• Use of ERAS has also been associated with decreased length of stay, with no difference in adverse effects.


Patients’ medication regimens may change drastically or very minimally

  • Medications for mental illness, seizures, thyroid conditions, and others where abrupt withdrawal will cause issues (e.g., beta blockers) are continued immediately postoperatively.

  • Medications that impact blood glucose, such as insulin or sulfonylureas, may be held with appropriate monitoring. Short-acting insulin is used commonly in the immediate postoperative period to control blood glucose, though at discharge from the surgical encounter, insulin may only be necessary for patients with insulin-dependent diabetes mellitus.

  • Some blood pressure agents (i.e., diuretics, angiotensin-converting enzyme inhibitors) are typically withheld to avoid dehydration or acute kidney injury immediately following surgery.


  • Patients are at increased risk of VTE following surgery and should receive VTE chemo-prophylaxis for a short period of time following surgery in addition to early ambulation and sequential compression devices. Risk calculators, such as one from the Cleveland Clinic, are available to assess the risk of VTE using patient-specific factors. As with preoperative VTE prophylaxis, dosing strategy following surgery is not universally recognized; provider discretion in collaboration with the patient’s primary care provider is common practice.

  • Patients require acid-suppression therapy, such as proton pump inhibitors, for at least 3 months following surgery to protect the anastomoses and staple line. Continuation of these after the 3-month period is dependent upon patient-specific factors, such as reflux.

  • Use of vitamins is critical to obtaining adequate vitamin and mineral levels following surgery. Vitamin and mineral levels should be monitored every 3, 6, or 12 months to ensure adequate nutrition and vitamin supplementation.


  • Some medications may increase the risk of complications in the postoperative period.

  • As examples, use of medications that decrease blood glucose levels should be avoided or have the dose reduced to avoid hypoglycemia; estrogen-containing medications may increase the risk of VTE and should be avoided, particularly in patients who have additional risk factors.

  • Nonsteroidal anti-inflammatory drugs (NSAIDs) should be completely avoided after bariatric surgery, if possible, because they have been implicated in the development of anastomotic ulcerations/perforations. Use of alternative medication classes, such as corticosteroids, may be substituted for NSAIDs if future diagnoses require, such as pericarditis or arthritis.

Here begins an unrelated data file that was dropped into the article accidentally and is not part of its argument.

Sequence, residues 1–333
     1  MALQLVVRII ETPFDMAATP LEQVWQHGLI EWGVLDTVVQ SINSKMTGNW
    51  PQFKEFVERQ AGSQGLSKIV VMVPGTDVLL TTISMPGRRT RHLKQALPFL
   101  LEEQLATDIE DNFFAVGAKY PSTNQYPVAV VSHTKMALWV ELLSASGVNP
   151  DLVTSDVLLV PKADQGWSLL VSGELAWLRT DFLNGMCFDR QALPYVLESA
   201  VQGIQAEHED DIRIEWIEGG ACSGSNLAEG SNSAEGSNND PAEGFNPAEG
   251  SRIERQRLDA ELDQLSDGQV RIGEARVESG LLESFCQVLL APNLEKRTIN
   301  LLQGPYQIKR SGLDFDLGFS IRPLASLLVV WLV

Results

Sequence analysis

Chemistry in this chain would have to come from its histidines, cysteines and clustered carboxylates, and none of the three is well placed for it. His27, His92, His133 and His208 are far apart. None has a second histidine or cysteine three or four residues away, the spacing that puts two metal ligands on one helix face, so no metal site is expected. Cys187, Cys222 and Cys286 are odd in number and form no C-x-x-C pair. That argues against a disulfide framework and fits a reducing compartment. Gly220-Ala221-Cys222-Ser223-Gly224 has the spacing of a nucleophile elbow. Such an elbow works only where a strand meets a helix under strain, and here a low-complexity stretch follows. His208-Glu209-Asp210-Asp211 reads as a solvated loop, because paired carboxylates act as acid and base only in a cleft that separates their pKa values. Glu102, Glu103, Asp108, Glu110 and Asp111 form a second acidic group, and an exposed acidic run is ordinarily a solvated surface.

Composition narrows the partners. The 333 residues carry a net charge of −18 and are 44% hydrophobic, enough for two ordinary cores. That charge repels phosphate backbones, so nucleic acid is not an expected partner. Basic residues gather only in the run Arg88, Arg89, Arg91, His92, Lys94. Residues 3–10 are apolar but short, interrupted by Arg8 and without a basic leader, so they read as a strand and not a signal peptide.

• Vitamin deficiencies occur in bariatric surgery patients due to inherently low-caloric intake, alterations in gastric acid production and gastrointestinal (GI) transit time, bypassed portions of small bowel, and small intestinal bacterial overgrowth.

  • The most commonly deficient nutrients are fat-soluble vitamins or those normally absorbed by the bypassed duodenum. Patients must take supplemental folate, iron, calcium, in addition to vitamins B1 (thiamine), B12 (cyanocobalamin), A, and D.

  • There are commercially available over-the-counter preparations in doses appropriate for bariatric patients, or usual over-the-counter sources may be used in amounts greater than standard recommendations. For example, RYGB patients require a multivitamin with 200% of the recommended daily dose of nutrients.


  • Special attention to dosage forms is required following bariatric surgery. Alterations in gastric pH, time spent within the stomach, and specific location of absorption from the GI tract are critical elements that may alter how much of an oral medication is absorbed.

  • Surgeries that alter the length of the GI tract, such as RYGB, are likely to have a bigger impact upon the dosage forms used to deliver medication compared with restrictive procedures.

  • Patients requiring oral contrast following bariatric surgery require a lower volume with imaging performed more quickly than in nonbariatric surgery patients.


  • Oral birth control pills with estrogens require activation, via glucuronidation, through portal vein uptake before being returned to the GI tract via the bile duct. Nonoral forms, such as patches or intravaginal rings, may provide more consistent effects for patients following RYGB. Patches may not be as effective at weights greater than 90 kg, indicating that selection of an appropriate dosage form requires patient-specific considerations.

  • Extended-release (ER) or controlled-release (CD) diltiazem may not provide adequate rate, rhythm, or blood pressure coverage for patients following bariatric surgery due to the release point in the GI tract. Changes to GI tract length, such as with RYGB, may decrease absorption of ER diltiazem products, whereas an immediate-release (IR) product may provide optimal coverage, although it must be taken multiple times per day.

  • ER venlafaxine is available as a capsule that may be opened up and sprinkled onto a soft food, which is then swallowed whole, to increase the likelihood of absorption of the full dosage. Venlafaxine is also available as an IR tablet, but this must be taken multiple times per day to exert an effect similar to that of the ER tablet.

  • Opioids are available in multiple formulations; however, changing to a liquid may allow for a dose reduction and better pain control for a patient. The change to a liquid allows the medication to be more readily available for absorption, thus providing better pain relief. Caution should be used when changing opioids to a liquid formulation, as an unquantifiable increase in absorption has the risk of unexpected respiratory suppression; dose reductions should occur when changing formulations.


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Nov 21, 2021 | Posted by in PHARMACY | Comments Off on Bariatric Surgery